Book attack

This week, I’m in Toronto and Ottawa meeting with booksellers and launching Body. It’s a flying trip and I won’t have time to catch up with old friends, buy handmade chocolates and pungent cheeses, or lounge in cafés – all things dear to my heart. But I will be in bookstores. Oh yes.

So it’s fitting that this week, I finally got around to looking at that Facebook meme – you know the one. It claims to be the BBC’s list of 100 books of which the average person will only have read 6. I’ve been tagged with it about a dozen times and always ignored it. But Fate is tricky like that. You see, there are almost 40 books on that list I haven’t read. A few that I’ve long intended to read. And others I feel shame in admitting I haven’t. (I’m sorry, Tolstoy and Dostoevsky!)

You see where I’m going with this. In a week when I’ll see more different bookstores than I typically do in a month, what can a bookish girl do but make up for lost time? I shall be buying

and 

as well as presents for my family (who, fortunately, prefer presents with pages). And this is where I need you, bookish friends.

What are some of your favourite books? They don’t have to be from that silly meme, of course. They don’t have to be YA or recent, either. Just books from your personal Top 100.

P. S. At the risk of sounding repetitive: I’ll be at Type Books (883 Queen St West) tonight from 7 to 8.30. See you there!

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7 Responses to “Book attack”

  1. Colleen says:

    I know you’ve read Cloud Atlas, so I won’t suggest it. But oh emm jee, Hilary Mantel’s Wolf Hall!

  2. Viv says:

    I know this is not “high” literature but one of my favorite books is Stephen McCauley’s The Object of My Affection. It was made into a so-so movie but the book is spectacular. The protagonist’s favorite food is salt! What not to love?

  3. Tara says:

    Greatest book in the world: Molokai by Alan Brennert. I’ve never been more moved in my life. Truly, if you only choose one book to sit down in read in your future, let it be this one. It’s about the Leper colony in Hawaii. Very beautiful. Can’t believe a dude wrote so well about a chick. Fabulous!!!!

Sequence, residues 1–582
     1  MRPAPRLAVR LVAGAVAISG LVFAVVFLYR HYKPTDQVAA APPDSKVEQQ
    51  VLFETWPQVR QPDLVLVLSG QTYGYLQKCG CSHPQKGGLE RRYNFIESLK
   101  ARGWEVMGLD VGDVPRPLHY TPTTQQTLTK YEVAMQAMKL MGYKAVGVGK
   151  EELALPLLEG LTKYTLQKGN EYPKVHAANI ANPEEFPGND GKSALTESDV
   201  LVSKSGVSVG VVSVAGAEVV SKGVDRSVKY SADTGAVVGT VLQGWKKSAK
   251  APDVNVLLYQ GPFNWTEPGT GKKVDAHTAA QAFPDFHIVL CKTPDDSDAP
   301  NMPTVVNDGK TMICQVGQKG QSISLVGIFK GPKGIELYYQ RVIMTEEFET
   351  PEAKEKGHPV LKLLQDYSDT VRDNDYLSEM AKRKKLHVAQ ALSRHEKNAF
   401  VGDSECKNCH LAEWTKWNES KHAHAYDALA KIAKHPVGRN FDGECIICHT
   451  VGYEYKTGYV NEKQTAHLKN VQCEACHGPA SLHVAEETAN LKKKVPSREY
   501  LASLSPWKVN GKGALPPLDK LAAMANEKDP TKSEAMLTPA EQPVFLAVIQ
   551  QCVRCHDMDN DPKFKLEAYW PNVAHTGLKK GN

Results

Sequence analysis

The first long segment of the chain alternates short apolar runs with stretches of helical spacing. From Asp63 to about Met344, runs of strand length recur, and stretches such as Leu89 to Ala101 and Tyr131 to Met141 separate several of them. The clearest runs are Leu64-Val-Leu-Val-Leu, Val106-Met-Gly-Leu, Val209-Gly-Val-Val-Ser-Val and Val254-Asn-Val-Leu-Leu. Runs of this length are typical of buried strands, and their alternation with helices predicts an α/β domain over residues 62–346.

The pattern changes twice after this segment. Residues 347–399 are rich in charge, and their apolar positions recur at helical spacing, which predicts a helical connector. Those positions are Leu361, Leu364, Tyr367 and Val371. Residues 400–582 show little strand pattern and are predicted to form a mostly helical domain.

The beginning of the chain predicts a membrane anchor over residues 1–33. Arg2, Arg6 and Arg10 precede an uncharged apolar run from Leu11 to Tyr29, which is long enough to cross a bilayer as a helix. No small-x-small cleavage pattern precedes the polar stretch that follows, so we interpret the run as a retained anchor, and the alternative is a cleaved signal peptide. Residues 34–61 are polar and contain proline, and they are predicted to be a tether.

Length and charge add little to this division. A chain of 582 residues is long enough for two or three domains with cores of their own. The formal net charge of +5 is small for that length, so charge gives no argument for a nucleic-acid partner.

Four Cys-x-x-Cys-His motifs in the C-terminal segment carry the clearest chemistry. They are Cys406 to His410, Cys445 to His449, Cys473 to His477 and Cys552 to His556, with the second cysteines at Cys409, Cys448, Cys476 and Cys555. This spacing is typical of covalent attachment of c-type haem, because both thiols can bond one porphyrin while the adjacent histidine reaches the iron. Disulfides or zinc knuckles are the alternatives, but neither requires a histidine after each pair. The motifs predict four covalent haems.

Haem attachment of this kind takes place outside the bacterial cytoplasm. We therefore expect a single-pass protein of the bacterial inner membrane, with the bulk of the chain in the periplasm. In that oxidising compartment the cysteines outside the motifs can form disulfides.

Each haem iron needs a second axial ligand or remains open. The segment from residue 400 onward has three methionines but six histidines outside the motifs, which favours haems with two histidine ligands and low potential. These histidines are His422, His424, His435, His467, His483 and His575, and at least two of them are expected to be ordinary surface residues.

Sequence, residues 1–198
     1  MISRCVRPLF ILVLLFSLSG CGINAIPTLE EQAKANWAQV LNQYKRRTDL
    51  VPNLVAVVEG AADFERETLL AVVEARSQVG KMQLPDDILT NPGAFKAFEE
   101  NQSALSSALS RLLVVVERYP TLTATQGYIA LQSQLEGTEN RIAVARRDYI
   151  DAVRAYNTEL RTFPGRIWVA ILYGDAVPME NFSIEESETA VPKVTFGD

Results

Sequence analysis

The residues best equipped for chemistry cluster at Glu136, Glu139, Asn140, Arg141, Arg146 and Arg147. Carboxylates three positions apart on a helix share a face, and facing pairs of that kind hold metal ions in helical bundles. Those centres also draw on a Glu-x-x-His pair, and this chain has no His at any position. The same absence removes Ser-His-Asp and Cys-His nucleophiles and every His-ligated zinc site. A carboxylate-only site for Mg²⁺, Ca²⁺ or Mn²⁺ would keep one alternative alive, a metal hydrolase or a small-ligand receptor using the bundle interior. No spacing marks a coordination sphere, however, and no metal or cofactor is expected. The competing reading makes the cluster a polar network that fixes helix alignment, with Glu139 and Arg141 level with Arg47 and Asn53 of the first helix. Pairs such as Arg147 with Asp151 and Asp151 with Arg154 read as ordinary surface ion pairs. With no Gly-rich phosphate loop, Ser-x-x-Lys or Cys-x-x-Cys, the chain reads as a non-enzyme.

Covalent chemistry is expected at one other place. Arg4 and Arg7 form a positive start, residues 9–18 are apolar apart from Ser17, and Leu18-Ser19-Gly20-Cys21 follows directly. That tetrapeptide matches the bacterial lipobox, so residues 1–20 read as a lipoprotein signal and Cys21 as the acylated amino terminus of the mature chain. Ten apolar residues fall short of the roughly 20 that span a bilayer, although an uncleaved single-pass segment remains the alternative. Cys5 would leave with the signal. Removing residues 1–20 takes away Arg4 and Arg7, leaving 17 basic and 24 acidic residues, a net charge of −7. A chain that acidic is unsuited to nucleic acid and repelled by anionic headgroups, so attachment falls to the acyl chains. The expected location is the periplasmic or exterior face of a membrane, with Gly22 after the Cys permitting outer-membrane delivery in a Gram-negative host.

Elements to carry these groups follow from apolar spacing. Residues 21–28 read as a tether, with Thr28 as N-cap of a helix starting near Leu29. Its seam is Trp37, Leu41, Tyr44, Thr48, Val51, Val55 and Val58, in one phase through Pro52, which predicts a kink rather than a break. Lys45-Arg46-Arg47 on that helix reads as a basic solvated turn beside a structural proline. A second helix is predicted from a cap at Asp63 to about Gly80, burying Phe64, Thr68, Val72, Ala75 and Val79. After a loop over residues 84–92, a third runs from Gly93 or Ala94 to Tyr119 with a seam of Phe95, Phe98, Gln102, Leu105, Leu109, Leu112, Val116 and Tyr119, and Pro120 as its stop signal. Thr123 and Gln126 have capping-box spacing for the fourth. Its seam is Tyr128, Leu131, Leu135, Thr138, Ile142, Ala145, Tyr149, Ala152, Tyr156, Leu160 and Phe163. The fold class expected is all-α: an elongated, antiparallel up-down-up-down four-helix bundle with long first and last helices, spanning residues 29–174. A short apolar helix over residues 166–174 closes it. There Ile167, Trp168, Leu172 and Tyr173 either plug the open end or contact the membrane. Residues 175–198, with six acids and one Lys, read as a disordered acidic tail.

4. Margaret says:

    The Solitaire Mystery, by Jostein Gaarder, is an eternal favorite of mine that not nearly enough people have read. He’s better known for Sophie’s World, which is basically a history of philosophy framed with an intriguingly meta narrative, but The Solitaire Mystery is much better. All the same philosophical ponderings, but more fully integrated into a story and therefore also more engaging.

  5. Ying says:

    Sorry for the slow replies – still working on my sleep deficit after the roadtrip. Colleen: I own Wolf Hall. No reason I haven’t read it yet (it starts so well), so here we go. Viv: you’re a salt fiend, too? My brother buys me salt for birthday presents. Tara: duly noted! That’s a serious claim. And Margaret, you’ve neatly uncovered my weak spot: I am shamefully poorly read in languages other than English. Gaarder it is. Thanks, all!

  6. EightiesTwin says:

    I know I’m a little late here, but if I may throw my hat into the ring I would suggest:
    The Agony and the Ecstasy by Irving Stone

    As cliché as it is to say, this book changed my life and I will be forever grateful. Your books look exactly like something my wife would love, and I’ll be buying the first one for her later today.
    Thanks,
    EightiesTwin

  7. Ying says:

    A book that changes your life sounds much too interesting to ignore – thanks for the rec! And I hope your wife enjoys Spy. Thanks for stopping by!

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